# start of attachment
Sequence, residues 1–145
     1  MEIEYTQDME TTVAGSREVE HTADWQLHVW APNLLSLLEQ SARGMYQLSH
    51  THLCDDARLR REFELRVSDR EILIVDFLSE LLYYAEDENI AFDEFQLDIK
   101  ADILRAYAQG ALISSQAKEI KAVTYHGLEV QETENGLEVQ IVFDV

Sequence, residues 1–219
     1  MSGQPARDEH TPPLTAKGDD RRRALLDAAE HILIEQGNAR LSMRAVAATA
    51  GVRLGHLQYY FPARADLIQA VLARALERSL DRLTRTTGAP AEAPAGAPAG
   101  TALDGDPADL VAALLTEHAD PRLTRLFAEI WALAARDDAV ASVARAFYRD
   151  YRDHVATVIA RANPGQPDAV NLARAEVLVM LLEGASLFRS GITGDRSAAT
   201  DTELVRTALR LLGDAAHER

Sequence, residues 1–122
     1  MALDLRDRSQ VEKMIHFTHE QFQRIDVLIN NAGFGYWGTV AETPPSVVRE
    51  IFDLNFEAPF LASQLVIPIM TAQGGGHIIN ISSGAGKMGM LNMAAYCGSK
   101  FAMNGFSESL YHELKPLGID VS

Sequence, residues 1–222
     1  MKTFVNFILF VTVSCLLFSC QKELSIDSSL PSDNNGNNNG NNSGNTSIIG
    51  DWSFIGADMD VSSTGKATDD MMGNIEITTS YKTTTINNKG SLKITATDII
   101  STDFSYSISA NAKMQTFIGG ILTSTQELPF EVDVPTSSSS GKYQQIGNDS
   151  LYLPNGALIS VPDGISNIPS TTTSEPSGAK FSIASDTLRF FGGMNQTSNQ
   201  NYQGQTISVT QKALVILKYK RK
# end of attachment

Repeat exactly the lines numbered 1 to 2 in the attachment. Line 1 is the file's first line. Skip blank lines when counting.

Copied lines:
Sequence, residues 1–145
     1  MEIEYTQDME TTVAGSREVE HTADWQLHVW APNLLSLLEQ SARGMYQLSH